Every educator has a philosophy about the necessity or stupidity of homework. We are going to analyze two sides of the discussion and then you can decide on which side of the spectrum you fall.
Homework Is Necessary!
Teachers and administrators that hold the viewpoint that homework is necessary tend to believe that homework helps solidify the material taught in class that day. Without homework, students will lose much, if not all the knowledge gained. I have heard requirements such as students needing to read 30 minutes a night, practice math 30 minutes a night, practice their instrument 30 minutes a night, and so on. These teachers might remember the nightly homework they had as a student and feel that it benefited them greatly. After a recent study, homework was concluded to be beneficial when examining 2,800 students between 5th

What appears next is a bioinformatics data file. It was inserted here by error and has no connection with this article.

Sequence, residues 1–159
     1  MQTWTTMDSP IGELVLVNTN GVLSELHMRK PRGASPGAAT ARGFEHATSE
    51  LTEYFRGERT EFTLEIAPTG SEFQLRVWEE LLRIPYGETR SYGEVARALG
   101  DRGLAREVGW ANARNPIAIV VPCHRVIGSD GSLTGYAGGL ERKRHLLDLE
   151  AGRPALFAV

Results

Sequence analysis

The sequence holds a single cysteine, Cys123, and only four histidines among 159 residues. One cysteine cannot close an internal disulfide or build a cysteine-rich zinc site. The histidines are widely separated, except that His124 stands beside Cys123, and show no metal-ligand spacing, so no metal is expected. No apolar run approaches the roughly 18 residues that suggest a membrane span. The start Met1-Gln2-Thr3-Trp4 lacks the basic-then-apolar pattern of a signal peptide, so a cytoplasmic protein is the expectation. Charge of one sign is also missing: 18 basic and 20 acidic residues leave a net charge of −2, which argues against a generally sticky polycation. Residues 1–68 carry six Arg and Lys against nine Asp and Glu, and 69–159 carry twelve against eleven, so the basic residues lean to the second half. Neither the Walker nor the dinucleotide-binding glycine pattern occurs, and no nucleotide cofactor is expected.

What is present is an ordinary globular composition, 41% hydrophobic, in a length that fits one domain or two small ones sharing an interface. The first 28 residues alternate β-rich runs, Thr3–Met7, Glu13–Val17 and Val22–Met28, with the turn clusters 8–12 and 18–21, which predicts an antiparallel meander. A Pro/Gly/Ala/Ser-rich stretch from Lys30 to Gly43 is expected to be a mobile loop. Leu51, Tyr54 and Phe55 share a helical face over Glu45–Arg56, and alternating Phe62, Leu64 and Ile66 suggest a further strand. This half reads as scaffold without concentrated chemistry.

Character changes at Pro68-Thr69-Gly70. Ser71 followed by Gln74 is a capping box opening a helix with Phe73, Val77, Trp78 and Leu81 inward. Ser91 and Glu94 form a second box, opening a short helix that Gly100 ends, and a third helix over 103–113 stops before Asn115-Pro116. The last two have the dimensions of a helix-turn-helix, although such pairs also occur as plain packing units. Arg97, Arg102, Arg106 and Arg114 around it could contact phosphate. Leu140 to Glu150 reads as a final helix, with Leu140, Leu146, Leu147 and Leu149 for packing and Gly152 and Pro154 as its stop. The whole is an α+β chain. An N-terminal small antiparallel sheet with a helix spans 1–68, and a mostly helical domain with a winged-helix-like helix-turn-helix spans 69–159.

grade. The study showed that students who took the time to complete their homework assignments were more meticulous about the quality of their work and its outcome, while the opposite was true for the students that did not complete their homework. Another research project concluded that there was a positive and statistically significant educational benefit for students that did their homework.
Homework Is Stupid!